Most animals, including humans, instinctively don’t want to eliminate near where they sleep, eat, and live. Putting babies in diapers, especially disposables, involves getting babies somewhat comfortable with this “unnatural” act. EC practitioners see themselves as simply skipping this step.
Is It Natural?
In 1957, cloth diapers were the only option available to parents, and 92 percent of children were toilet-trained by the time they were 18 months old. Today, 90 to 95 percent of babies wear disposable diapers and the average age of potty training in North America is three. Just 4 percent of two-year-olds today are fully potty trained and out of diapers.
This trend of later and later potty training might not just be bad for the envi- ronment. Research suggests that delayed potty training might lead to constipation, more frequent bladder infections, daytime incontinence in later childhood, and more difficulty potty training when the time comes.
Confused? Of course you are. For years, “progressive” doctors like Dr. Benjamin Spock and Dr. T. Berry Brazelton popularized the idea of child-centred potty training. They claimed that pushing a child to potty train could cause problems such as stool withholding, regression, or bedwetting. There are, however, no studies to back up these claims. In fact, there is research that shows the opposite.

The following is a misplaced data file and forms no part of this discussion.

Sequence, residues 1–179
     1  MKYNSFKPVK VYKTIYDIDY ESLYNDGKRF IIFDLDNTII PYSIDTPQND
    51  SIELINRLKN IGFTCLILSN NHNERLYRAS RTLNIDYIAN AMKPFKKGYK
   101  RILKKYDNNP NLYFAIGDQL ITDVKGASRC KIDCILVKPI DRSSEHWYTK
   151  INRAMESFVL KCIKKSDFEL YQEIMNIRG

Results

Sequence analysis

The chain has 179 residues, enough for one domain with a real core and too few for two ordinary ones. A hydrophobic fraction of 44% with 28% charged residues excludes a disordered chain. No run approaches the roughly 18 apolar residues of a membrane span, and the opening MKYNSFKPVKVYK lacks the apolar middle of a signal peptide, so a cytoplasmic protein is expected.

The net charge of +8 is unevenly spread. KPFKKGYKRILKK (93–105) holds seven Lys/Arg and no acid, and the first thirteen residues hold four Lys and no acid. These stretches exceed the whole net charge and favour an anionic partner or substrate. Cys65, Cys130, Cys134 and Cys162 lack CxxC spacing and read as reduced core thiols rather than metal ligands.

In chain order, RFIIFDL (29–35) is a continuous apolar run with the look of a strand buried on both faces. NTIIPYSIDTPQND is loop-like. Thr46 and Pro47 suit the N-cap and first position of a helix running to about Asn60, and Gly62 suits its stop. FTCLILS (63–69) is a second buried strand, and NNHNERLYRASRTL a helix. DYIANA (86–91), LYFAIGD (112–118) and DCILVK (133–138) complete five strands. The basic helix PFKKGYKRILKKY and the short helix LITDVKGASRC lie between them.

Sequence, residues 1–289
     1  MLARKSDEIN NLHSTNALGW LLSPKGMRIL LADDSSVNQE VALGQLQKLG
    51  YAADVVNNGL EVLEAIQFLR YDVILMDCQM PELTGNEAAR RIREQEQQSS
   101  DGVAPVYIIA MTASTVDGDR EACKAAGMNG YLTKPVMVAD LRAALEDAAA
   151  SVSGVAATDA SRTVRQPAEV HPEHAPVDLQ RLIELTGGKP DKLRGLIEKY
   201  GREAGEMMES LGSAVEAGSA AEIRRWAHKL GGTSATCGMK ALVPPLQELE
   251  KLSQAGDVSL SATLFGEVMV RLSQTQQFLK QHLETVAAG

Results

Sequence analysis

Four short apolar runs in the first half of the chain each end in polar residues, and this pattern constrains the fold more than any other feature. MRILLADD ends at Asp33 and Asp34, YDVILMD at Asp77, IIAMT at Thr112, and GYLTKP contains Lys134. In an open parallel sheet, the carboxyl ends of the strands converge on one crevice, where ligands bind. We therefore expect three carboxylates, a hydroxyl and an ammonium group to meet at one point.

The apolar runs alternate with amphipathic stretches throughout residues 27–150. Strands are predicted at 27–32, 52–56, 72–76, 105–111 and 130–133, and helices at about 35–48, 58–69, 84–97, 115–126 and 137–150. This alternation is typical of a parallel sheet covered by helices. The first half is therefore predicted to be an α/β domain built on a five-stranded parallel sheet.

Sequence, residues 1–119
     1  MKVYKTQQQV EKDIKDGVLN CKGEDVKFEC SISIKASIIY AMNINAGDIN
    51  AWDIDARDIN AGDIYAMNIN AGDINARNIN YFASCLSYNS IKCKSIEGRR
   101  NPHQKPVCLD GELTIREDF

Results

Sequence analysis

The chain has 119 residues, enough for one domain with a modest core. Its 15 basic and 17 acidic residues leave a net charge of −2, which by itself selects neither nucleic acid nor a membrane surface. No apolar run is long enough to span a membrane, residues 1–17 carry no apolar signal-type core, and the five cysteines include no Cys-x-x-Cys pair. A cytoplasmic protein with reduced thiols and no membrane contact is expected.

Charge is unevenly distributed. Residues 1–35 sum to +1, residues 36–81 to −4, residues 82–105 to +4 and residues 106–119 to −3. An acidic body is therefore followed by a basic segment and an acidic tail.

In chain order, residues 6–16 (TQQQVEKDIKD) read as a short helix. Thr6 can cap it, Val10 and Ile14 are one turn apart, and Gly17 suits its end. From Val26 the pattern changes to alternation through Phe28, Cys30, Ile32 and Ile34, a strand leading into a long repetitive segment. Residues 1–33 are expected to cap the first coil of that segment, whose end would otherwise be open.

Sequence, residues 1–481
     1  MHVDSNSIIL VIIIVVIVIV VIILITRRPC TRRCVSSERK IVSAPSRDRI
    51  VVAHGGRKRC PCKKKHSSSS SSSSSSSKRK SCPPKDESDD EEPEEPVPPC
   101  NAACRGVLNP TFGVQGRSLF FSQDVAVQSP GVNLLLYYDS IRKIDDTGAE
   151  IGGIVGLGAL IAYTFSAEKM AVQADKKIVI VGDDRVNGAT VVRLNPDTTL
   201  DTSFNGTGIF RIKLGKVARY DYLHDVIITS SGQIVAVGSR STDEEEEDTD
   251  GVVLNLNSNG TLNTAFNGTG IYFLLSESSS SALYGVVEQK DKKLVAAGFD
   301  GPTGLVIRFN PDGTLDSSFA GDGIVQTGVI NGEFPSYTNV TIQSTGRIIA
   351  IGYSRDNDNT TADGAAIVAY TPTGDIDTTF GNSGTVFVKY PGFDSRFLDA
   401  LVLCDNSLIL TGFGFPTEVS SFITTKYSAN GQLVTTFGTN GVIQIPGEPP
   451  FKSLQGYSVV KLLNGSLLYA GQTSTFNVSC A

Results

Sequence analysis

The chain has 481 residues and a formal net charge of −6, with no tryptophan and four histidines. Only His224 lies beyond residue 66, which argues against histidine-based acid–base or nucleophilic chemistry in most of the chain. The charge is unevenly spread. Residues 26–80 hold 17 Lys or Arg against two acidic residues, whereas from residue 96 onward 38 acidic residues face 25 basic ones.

Sphincters Have Rules Too!
In most of the studies I have read, researchers comment on how little is known about potty training and the development of urinary and rectal control. In order to pee and to poop, a child’s sphincters must relax. At least one study suggests that babies have some control over these sphincters from infancy, as their bladders don’t “leak” easily. This suggests that from a young age a baby is “holding” her pee and then releasing it at some point.
Urinary and bowel control usually develop following a pattern. First, bowel movements become less frequent and more regular. Next, bowel control develops, followed by bladder control by day, and finally bladder control by night. Children do not often poop while in deep sleep and most parents celebrate when, at around three months after birth, they no longer have to change baby’s poopy diapers at night.
Most studies indicate that a child cannot be fully potty trained (day and night and getting on and off the potty alone) until nearly two years of age. But an understanding of sphincters suggests, and those who practise EC corroborate, that babies as young as six months can begin to hold poop and pee long enough to be put on a potty and can then learn to release their sphincters once there. Among EC users, six-month-old babies commonly poop exclusively on the potty rather than in their diapers. Similarly, by the time the babies are six months of age, parents commonly “catch” many of their pees. Children who practise EC are often completely potty-trained by the time they’re 24 months old, a full year earlier than their non-EC peers.
If a baby has some sphincter control by six months, but she doesn’t start potty “training” until two years later, that kid has had a lot of time to learn to be comfortable pooping in her pants. While your child is not likely to be going to the potty entirely on her own before the age of two, earlier exposure to some EC can result in cost savings, time savings, and natural resource savings.
Resources to help in baby potty training (or whenever you start)
Laurie Boucke, Infant Potty Training
(This one is my favourite of these.) Jill Lekovic, Diaper Free Before 3: The Healthier Way to Toilet-Train and Help Your Child Out of Diapers Sooner